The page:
It was all quiet the other day at the Vittoriosa Waterfront, until a 1950s Morris Minor convertible sped past St Lawrence parish church stopping abruptly by the gateway leading to Fort St Angelo.
In the driver's seat was actress Clare Agius in the role of a Maltese member of the police corps accompanied by two Polish police officers.
They were chasing a pack of criminals - the protagonists of an extremely popular series for Polish TV called Kryminalni which is screened on Saturdays. Last year the series, which is watched by about four million viewers, won the top Polish award for TV productions.
The story starts with the wedding of a Polish police officer whose second wife is shot dead and who takes it upon himself to avenge her death.
"The director of the TV series Teresa Rylko-Szymanska Michal Walczak met me in a café in Warsaw last October to tell me about their intention to shoot two episodes for the series in Portugal," Krystyna Mikulanka, Malta's honorary consul in Poland said.
Enjoying a Cappuccino in a café in Vittoriosa, Ms Mikulanka recounted how she suggested to the directors that they forget about Portugal and shoot the episodes - each running for an hour - here.
"We came here last November for the directors to see what Malta could offer and the more they saw, the more enchanted they became with this beautiful island.
"I have been coming here for years, but there are places which still posses spell-binding beauty.
"The more they saw of the island - the different lifestyle, the pace of life and the architecture, the greater their appetite grew."
This is the first time the directors have taken their production abroad.
"They are not Hollywood but I believe this is the first step in a long relationship with Malta in this genre," Ms Mikulanka said.
Director Michal Walczak said that Ms Mikulanka's passion for Malta convinced them they would find everything here needed for filming the episodes.
"The fans follow their heroes wherever they venture," Mr Walczak said.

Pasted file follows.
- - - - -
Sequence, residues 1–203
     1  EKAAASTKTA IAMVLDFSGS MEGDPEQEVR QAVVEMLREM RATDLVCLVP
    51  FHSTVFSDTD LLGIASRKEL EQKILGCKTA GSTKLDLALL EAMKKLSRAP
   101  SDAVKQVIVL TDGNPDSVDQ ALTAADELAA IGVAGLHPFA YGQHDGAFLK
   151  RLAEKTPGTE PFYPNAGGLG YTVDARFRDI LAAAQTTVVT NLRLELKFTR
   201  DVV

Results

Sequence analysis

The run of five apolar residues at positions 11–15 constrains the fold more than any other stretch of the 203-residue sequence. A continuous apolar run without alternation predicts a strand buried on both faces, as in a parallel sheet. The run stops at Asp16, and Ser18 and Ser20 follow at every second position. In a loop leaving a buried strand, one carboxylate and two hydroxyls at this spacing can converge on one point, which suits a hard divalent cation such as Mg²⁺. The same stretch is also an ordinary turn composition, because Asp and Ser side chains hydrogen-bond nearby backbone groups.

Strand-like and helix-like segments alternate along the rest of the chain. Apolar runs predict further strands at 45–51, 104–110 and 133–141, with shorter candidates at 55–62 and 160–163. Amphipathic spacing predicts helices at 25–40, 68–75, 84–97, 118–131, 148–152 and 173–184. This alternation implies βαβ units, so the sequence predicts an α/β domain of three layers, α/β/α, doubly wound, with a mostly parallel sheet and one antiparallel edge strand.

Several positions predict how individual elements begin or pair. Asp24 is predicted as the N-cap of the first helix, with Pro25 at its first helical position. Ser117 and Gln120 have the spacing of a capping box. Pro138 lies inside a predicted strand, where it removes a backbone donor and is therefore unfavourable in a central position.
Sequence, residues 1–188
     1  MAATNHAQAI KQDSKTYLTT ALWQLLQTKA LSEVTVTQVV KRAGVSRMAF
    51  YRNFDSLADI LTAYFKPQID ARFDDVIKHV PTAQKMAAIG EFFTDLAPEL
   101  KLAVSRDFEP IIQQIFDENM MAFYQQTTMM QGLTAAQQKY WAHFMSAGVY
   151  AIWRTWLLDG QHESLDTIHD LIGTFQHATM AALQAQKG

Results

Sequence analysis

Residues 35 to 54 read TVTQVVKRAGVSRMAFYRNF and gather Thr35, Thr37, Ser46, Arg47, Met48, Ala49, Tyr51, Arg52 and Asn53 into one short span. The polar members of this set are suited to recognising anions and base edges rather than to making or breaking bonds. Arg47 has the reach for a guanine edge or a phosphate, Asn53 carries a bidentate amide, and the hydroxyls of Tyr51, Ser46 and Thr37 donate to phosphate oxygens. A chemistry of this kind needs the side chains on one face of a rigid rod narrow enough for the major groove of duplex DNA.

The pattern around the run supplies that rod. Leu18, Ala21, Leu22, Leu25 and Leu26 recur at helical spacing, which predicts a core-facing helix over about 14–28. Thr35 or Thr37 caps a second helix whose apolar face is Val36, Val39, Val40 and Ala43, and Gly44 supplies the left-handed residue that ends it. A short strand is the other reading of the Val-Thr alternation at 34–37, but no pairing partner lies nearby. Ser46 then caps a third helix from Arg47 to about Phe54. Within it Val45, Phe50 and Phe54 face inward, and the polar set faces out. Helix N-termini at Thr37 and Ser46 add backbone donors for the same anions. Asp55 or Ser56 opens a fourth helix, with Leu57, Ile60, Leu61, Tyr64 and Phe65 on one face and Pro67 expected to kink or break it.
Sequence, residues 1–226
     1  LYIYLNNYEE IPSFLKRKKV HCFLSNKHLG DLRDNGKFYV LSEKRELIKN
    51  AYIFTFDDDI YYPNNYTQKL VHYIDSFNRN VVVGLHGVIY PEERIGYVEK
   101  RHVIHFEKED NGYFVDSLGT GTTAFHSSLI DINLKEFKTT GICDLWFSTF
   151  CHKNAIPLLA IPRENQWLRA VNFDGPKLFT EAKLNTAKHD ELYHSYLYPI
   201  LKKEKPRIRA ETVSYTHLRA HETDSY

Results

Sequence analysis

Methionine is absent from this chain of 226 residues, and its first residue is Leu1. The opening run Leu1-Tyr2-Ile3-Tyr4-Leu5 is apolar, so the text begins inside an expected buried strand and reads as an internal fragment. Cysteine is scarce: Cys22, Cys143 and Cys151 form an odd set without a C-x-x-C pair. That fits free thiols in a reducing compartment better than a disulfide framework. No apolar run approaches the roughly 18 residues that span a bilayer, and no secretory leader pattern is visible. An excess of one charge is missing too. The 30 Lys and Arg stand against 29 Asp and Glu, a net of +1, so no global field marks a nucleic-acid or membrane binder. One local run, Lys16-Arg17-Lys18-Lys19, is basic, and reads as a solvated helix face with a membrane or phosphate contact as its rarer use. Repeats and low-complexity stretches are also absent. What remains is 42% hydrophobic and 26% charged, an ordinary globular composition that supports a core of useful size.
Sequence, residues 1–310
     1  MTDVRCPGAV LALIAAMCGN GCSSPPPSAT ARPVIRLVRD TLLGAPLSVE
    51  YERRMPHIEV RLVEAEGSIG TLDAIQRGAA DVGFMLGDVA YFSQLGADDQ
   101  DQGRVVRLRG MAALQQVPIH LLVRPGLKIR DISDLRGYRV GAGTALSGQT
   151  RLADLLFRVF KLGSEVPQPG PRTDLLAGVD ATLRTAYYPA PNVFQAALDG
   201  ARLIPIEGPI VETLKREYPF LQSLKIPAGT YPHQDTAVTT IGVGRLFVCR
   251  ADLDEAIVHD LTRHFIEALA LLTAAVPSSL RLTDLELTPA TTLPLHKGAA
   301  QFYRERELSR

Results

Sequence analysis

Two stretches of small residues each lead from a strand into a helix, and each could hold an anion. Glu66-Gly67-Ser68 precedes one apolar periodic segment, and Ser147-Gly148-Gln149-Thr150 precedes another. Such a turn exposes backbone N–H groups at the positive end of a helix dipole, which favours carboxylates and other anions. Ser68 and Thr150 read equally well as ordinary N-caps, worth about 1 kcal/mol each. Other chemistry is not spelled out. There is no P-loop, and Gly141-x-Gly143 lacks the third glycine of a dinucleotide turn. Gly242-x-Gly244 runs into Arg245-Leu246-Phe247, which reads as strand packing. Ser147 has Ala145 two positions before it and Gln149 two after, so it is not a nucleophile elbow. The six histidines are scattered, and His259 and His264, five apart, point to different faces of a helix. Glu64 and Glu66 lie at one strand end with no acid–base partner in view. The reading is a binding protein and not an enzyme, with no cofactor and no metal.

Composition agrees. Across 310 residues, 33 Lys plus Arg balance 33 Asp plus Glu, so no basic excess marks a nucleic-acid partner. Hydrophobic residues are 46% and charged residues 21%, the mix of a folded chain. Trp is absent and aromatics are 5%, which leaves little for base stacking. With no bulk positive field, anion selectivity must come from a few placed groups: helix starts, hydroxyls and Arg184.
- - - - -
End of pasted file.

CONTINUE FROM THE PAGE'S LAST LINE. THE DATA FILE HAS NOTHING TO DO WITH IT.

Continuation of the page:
Ms Mikulanka added that it would not surprise her if more Polish tourists were to visit Malta through the promotion it was getting.
"Malta will be shown in all its splendour. The directors will not be changing anything from what the island looks like.
"The filming would not have been possible without the great help by the Malta Tourism Authority," the honorary consul noted.
The Polish team of 40 people have been shooting for 11 days and leave today. Accompanied by a Maltese crew, they have shot footage in Gozo, Marsaxlokk, Valletta, the Fortina Hotel and Kalkara making use of cars, motor boats and helicopters for these fast action episodes.
The episodes shot here show the Polish policeman being trapped by the band of criminals, taken out to sea and thrown overboard. The policeman, however, manages to swim ashore and is found exhausted by Clare Agius who takes him in and nurses him back to health.
Together they manage to trap the criminals.
Is there a third marriage for the police officer in the pipeline, I ask Ms Mikulanka.
"We'll have to wait and see," she answers with a broad smile.
The polish crew have also produced a "making-of" documentary about the two "Maltese" episodes. This will be broadcast to promote the series.
Winston Azzopardi, executive producer, said that while big productions like Troy, Gladiator and Munich portray Malta as another country, these episodes offer fantastic exposure for the island.
"Just imagine how much it would cost to produce and broadcast a 30- second TV commercial promoting Malta?
"The MTA is doing a fine job assisting such productions which go a long way in promoting Malta to millions of viewers for two whole hours," Mr Azzopardi said.
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